Chinese produce falls from favour

images Vietnamese farm produce and foodstuff are wresting back the domestic market share they lost to Chinese products in the last five years.

In HCM City for instance, consumers who used to prefer farm products imported from China due to their cheap prices are now choosing Vietnamese products.

This is mainly due to the improvement in the quality and output of Vietnamese agricultural produce and partly as a result of the “Vietnamese people use Vietnamese products” campaign.

Chinese apples, pears, eggs, mackerel, and anchovies dominated both wholesale and retail markets in HCM City before 2005.

Other Chinese farm produce like carrots, potatoes, ginger, cauliflower, broccoli, grapes, and mandarin oranges also began to appear gradually.

In May 2005 vegetables imported from China accounted for a substantial portion of the vegetables sold at the Thu Duc wholesale market, Nguyen Thanh Ha, deputy head of the company managing the market, said.

The situation was now different, he said.

On May 30 for instance, the market sold 1,300 tonnes of vegetables, but only 60 tonnes were of Chinese origin.

Chinese fruits used to account for 30 per cent of the imported fruits sold in the market but have now fallen to less than 10 per cent.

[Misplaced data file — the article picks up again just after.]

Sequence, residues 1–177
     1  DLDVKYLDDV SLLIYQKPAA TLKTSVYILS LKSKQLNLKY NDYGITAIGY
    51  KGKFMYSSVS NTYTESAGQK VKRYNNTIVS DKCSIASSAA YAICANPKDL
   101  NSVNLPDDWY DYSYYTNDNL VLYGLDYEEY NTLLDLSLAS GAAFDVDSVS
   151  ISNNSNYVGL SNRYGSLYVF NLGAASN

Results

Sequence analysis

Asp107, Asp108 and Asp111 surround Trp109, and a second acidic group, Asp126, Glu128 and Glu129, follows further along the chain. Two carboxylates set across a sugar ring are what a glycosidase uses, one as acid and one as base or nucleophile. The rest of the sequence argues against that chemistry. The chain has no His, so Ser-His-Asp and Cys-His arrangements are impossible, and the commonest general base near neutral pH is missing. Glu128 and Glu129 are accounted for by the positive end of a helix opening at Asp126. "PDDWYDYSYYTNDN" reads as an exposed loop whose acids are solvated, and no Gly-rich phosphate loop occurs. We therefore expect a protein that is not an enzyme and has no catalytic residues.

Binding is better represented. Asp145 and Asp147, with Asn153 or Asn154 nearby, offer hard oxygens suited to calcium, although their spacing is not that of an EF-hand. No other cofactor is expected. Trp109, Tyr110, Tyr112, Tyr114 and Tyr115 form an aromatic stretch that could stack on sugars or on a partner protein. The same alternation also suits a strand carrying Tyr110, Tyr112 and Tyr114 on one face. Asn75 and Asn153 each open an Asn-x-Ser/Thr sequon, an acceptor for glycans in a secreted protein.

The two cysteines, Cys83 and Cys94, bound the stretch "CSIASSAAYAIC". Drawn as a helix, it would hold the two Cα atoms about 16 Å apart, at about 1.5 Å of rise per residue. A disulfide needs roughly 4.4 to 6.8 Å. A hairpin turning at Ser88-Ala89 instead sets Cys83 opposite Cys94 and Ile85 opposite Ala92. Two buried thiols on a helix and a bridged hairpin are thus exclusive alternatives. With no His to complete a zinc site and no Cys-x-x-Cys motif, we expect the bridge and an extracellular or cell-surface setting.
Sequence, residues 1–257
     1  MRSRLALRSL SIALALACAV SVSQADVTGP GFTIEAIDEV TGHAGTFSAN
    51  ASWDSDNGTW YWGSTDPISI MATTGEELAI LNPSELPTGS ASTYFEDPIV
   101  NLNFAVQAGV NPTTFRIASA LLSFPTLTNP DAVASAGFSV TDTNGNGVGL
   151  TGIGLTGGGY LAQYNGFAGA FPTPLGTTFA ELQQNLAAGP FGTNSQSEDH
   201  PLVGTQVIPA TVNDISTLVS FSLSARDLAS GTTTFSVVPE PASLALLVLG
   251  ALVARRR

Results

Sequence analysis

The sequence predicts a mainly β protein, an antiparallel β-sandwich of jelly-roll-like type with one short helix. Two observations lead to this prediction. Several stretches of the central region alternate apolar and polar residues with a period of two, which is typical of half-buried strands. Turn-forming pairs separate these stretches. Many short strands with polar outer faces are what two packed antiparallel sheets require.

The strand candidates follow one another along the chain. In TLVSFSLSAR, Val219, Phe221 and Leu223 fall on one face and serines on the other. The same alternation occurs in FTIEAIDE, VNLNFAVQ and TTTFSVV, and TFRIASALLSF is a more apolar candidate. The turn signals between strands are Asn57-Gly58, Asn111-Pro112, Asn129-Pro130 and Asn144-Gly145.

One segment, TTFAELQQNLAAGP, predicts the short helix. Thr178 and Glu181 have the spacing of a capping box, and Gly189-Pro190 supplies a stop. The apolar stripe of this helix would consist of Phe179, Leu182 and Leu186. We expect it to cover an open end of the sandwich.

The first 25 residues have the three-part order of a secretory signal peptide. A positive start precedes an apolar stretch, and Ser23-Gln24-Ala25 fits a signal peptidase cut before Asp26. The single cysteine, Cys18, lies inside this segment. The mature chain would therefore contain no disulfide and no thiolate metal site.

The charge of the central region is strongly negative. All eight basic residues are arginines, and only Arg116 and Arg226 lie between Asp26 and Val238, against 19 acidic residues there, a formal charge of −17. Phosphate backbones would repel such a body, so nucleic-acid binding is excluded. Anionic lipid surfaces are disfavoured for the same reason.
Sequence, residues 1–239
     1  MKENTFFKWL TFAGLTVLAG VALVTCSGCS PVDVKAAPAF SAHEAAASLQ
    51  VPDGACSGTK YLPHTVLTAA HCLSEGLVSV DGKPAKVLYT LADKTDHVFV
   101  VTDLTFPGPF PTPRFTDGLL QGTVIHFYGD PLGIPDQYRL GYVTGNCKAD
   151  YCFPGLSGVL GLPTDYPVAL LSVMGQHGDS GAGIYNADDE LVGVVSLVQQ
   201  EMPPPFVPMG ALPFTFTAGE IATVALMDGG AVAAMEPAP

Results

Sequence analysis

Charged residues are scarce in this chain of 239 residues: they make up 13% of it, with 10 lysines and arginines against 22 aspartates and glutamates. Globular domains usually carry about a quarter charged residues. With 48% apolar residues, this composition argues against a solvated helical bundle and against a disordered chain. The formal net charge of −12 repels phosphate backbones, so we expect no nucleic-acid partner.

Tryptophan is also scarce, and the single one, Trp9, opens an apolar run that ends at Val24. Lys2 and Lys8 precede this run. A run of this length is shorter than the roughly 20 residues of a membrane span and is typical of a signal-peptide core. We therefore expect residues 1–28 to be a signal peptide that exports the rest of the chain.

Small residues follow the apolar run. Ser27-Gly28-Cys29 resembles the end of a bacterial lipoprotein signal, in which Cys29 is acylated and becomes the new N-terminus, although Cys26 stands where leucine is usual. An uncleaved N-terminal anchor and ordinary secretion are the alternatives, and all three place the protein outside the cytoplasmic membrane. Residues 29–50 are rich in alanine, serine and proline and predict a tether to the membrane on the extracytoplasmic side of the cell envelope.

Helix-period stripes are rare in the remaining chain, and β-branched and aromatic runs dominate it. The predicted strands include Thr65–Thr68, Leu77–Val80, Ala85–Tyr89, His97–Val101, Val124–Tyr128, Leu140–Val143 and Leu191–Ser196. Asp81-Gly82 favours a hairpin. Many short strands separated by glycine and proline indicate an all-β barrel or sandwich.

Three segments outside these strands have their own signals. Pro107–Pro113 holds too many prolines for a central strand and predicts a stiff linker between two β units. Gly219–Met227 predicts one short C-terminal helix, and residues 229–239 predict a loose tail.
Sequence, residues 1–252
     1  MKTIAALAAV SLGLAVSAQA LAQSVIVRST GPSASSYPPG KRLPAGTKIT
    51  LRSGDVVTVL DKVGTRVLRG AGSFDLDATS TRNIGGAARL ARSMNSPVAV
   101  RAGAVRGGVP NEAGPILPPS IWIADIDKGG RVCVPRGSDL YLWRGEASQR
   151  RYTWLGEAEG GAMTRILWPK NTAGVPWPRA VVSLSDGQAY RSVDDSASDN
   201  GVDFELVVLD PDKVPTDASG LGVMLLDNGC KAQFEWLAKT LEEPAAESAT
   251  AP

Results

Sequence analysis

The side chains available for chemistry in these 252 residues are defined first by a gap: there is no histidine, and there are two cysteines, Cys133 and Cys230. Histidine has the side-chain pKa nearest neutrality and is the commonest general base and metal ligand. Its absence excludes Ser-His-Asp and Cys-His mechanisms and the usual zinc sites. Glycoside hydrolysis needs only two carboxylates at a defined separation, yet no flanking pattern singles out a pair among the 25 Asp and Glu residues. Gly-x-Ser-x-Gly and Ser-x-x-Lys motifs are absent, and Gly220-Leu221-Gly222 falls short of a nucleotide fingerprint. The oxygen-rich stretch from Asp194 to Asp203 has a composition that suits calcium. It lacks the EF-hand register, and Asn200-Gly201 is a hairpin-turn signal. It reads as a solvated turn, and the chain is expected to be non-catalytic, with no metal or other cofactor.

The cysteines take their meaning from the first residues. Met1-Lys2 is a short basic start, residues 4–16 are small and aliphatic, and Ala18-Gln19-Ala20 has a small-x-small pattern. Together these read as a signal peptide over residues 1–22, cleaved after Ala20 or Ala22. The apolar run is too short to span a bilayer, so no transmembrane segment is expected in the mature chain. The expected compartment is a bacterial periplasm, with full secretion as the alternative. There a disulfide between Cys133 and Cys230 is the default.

Figures from the customs show that the import of vegetables and fruits from China fell by more than 18.3 per cent in the first quarter.

In March alone the decline was more than 26.5 per cent.

Safety reasons

Chinese farm produce have an advantage in terms of size and packing compared to those coming from the vegetable-growing areas in Da Lat, and last longer than Vietnamese produce. Since they were also cheaper, they were favoured by consumers.

However, they did not taste better while cooking, Nguyen Viet Ha of Phu Nhuan District said.

Vegetables from Da Lat, though smaller and not as eye-catching as their rivals from China, retain their taste after being cooked.

The carrots and potatoes grown in Da Lat, for example, kept their colour and taste after being processed while Chinese carrots did not, she said.

There has been no official study on the safety of agricultural products from China but HCM City consumers are no longer buying them, instead choosing home-grown fruits and vegetables for their good quality and similar prices.

Another reason for the decline in consumption of Chinese products in HCM City is the relentless strengthening of the Chinese currency, which has caused Chinese imports to lose their price advantage.

A fruit wholesaler in Thu Duc market, Ba Hung, used to import four, sometimes five, containers of fruits from China every day.

But now it has fallen to one, with Chinese fruits having to share shelf space with imports from other countries.

“My customers are opting for imports from other countries, even if they are more expensive,” Hung said.

“You can find Chinese fruits in some retail shops on the street but not in wholesale markets.”

Fruits from Da Lat are also becoming popular.

Ha attributes this to rising incomes and living standards which have also raised awareness.

Many people have become afraid of the preservatives that make the imported products last long but may harm health, he said.

“For safety reasons, middle-income consumers prefer to buy fruits imported from the US, Australia, New Zealand, or Chile while poorer people opt for domestic products that are of similar price or even cheaper.”

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